It’s been a difficult budget process for the Ticonderoga Central School District. Facing a nearly $2 million deficit when work started, the board of education has adopted a 2012-13 budget proposal that meets the state tax cap.
Photo by Nancy Frasier.
Ticonderoga It’s been a difficult budget process for the Ticonderoga Central School District.
Facing a nearly $2 million deficit when work started, the board of education has adopted a 2012-13 budget proposal that meets the state tax cap.
“The point is to have the least impact possible on students,” Superintendent John McDonald said. “There will be some increases in class sizes, but we’ve tried to have as little impact as possible. For the most part, we’ve tried to keep all our programs in tact.”
The proposed 2012-13 Ti budget totals $17,849,823. That’s $1,148,124 — 6 percent — less than the present budget of $18,997,947.
The proposed tax levy for 2012-13 is $10,316,732. That’s $354,774 —3.5 percent — more than the current tax levy of $9,961,958.
The proposed 3.5 percent tax increase is well below the state tax cap for Ticonderoga, which is 9 percent.
Voters get to decide on the proposed budget Tuesday, May 15, noon to 8 p.m. at the Ticonderoga High School lobby and the Hague Community Center.
Ticonderoga started the 2012-13 budget process with a deficit because of the loss of nearly $1.7 million in “one shot” funding that was used in the current spending plan. Gone are $700,000 in state Excel aid, $310,000 in employee concessions, $300,000 in local fund balance, $180,000 in federal stimulus money and $87,000 from the employee retirement fund.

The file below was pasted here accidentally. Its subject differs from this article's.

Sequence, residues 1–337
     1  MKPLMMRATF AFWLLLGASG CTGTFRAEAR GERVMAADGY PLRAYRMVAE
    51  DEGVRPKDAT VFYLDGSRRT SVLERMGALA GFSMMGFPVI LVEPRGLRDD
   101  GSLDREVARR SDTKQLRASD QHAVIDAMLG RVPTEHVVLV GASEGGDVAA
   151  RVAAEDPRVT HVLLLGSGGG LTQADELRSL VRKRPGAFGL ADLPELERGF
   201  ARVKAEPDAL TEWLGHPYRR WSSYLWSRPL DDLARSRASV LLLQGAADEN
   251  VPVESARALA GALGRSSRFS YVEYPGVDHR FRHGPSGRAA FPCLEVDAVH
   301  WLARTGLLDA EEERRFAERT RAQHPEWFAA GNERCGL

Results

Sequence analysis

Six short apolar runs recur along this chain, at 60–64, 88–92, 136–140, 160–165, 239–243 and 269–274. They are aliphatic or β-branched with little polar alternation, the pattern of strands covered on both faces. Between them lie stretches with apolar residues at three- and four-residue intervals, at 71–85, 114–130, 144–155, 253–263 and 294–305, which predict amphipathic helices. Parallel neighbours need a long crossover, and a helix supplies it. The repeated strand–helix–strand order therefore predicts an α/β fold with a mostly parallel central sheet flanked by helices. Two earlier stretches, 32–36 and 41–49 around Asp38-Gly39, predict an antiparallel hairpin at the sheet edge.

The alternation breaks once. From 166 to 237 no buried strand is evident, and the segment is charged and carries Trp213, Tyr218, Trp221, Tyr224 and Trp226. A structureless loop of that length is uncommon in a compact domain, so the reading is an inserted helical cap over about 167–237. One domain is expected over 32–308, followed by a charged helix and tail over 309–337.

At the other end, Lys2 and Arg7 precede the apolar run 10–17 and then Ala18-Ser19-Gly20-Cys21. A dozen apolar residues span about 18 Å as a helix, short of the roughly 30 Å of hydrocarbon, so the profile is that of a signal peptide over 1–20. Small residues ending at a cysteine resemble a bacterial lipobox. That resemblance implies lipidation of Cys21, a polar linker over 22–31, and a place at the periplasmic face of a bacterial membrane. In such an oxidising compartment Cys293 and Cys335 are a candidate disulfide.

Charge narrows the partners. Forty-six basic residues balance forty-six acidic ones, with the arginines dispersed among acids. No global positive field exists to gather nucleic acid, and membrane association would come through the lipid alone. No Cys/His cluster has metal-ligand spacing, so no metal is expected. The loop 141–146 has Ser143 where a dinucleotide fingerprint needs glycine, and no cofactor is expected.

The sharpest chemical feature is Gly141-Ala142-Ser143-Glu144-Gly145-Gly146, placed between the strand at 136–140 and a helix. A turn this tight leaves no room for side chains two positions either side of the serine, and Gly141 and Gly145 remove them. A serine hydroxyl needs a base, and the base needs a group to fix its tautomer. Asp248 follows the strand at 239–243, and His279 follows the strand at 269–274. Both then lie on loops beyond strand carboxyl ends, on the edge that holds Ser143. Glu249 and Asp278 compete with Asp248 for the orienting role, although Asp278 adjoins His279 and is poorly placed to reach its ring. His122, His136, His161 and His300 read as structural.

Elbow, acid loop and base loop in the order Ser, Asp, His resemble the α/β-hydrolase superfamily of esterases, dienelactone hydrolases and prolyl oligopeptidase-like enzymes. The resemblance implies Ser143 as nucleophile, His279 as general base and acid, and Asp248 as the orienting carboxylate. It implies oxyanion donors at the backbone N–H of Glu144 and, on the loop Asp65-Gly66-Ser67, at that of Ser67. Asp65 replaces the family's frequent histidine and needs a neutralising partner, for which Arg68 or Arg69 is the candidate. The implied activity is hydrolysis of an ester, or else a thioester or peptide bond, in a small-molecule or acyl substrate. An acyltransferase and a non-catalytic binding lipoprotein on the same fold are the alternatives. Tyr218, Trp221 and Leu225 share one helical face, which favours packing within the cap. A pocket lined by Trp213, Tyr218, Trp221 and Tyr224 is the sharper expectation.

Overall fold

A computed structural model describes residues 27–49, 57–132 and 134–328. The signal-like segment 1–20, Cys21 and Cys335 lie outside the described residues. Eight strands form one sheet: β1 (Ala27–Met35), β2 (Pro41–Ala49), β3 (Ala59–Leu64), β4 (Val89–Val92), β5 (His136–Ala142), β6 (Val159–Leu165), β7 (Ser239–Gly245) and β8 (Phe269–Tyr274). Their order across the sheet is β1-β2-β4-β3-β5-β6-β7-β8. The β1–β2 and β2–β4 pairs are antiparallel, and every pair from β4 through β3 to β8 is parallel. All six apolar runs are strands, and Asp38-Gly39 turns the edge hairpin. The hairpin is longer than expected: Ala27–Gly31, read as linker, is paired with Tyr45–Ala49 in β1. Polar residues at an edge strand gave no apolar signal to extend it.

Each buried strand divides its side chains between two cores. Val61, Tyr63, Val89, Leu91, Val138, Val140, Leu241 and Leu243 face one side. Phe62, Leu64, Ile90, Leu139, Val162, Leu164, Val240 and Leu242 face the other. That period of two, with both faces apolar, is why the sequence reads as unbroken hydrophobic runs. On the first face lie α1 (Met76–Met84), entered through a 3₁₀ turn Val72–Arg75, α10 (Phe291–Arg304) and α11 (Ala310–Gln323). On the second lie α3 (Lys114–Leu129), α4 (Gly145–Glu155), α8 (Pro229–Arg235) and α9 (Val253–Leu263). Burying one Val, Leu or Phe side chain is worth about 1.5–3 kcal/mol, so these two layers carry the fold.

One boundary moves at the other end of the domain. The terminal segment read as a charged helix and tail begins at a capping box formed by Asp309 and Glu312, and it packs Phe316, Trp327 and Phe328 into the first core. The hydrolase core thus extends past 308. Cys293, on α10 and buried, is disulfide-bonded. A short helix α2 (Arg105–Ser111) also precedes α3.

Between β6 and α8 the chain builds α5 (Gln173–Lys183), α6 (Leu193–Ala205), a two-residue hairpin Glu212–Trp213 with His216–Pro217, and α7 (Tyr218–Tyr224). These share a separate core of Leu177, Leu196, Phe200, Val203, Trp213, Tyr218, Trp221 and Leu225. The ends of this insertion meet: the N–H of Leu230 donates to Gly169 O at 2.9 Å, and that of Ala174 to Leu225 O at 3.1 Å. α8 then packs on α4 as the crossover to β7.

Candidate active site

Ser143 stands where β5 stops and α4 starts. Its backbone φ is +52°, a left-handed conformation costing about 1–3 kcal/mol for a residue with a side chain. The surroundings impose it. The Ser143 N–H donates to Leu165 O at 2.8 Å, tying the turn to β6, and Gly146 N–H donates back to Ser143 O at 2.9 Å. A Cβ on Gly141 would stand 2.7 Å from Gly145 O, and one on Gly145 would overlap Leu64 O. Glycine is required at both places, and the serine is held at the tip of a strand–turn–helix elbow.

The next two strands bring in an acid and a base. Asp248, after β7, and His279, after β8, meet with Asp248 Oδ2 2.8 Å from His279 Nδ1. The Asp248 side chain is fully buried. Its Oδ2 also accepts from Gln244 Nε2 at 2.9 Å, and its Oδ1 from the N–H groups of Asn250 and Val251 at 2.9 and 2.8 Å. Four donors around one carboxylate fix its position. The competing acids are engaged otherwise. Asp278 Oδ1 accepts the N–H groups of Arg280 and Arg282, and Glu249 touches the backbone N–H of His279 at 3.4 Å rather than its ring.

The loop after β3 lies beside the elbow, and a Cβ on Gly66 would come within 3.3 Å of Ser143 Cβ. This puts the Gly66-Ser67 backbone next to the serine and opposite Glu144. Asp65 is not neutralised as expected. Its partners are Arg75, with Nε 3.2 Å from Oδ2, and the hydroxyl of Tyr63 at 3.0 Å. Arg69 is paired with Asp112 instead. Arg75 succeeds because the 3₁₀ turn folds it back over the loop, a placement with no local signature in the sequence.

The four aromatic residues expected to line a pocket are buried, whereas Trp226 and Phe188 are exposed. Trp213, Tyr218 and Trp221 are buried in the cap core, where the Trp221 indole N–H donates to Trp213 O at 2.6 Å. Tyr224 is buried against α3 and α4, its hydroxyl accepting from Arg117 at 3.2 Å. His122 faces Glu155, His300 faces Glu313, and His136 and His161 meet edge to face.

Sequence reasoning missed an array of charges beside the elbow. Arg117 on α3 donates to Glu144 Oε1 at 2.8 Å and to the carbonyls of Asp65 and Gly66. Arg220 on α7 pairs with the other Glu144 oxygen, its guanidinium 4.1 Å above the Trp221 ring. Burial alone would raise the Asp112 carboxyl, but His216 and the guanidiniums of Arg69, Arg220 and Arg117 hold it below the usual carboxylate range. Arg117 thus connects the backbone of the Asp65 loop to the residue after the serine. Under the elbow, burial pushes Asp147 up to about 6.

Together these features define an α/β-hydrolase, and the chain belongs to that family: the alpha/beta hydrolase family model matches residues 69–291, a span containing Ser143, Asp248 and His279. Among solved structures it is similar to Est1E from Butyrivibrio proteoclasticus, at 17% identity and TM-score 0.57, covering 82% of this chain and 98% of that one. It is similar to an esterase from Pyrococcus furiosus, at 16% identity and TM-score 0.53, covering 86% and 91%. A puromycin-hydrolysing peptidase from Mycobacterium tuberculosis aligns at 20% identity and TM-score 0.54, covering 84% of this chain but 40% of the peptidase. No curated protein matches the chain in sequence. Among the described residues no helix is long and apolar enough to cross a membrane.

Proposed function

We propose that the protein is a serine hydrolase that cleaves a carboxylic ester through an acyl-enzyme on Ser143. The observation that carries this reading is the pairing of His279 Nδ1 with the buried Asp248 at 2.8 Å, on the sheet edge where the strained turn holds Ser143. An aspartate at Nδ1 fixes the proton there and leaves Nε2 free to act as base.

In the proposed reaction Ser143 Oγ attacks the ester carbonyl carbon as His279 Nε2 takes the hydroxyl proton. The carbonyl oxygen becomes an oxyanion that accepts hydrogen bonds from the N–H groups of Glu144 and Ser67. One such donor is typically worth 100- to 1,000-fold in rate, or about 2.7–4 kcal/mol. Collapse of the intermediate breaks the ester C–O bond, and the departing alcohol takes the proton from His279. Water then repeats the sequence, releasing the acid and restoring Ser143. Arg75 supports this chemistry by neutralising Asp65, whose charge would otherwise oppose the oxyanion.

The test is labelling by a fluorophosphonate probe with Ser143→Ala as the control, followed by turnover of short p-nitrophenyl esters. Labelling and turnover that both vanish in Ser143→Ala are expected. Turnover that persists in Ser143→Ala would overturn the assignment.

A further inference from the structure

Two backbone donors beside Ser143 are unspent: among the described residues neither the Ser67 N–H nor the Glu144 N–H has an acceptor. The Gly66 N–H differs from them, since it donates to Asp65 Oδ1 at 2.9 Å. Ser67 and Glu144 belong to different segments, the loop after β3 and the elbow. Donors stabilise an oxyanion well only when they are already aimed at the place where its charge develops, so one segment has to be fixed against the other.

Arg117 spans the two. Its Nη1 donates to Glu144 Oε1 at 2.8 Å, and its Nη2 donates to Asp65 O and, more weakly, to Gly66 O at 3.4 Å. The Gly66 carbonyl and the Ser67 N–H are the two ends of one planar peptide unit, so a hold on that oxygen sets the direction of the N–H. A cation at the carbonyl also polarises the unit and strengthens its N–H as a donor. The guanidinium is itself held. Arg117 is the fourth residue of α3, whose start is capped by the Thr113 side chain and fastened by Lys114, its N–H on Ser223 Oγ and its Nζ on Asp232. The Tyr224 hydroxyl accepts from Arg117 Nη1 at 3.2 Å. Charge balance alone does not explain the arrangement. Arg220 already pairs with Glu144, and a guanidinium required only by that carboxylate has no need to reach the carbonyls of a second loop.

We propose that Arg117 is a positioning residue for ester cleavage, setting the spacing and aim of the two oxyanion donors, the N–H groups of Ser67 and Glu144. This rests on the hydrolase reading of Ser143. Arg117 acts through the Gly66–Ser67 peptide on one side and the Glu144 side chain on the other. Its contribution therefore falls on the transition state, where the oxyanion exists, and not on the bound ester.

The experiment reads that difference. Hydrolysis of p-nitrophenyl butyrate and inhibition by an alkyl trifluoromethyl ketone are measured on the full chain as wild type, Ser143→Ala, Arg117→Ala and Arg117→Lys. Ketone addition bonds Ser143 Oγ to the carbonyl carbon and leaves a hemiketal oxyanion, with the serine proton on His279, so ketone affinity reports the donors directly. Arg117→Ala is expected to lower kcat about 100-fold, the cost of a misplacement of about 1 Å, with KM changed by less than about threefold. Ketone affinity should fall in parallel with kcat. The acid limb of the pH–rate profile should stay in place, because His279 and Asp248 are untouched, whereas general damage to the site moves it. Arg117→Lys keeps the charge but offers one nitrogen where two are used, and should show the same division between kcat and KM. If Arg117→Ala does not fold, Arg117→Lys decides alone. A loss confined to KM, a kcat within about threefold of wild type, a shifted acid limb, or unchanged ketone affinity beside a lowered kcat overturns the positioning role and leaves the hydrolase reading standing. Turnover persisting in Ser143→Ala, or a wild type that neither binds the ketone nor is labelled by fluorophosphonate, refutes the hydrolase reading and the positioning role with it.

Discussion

Compounding that problem is the fact Ticonderoga now receives $1 million less in state aid that in it three years ago.
“If it wasn’t for the loss of state over the past few years we wouldn’t be in this shape,” McDonald said.
Helping Ti close its deficit and meet the tax cap are concessions by Ticonderoga teachers, administrators and staff. A salary freeze will save the district $728,000.
It’s the third consecutive year district employees have made concessions, McDonald pointed out. Those concessions total about $1.2 million. McDonald said Ticonderoga is one of just four of the state’s 700 districts to have employee concessions three straight years.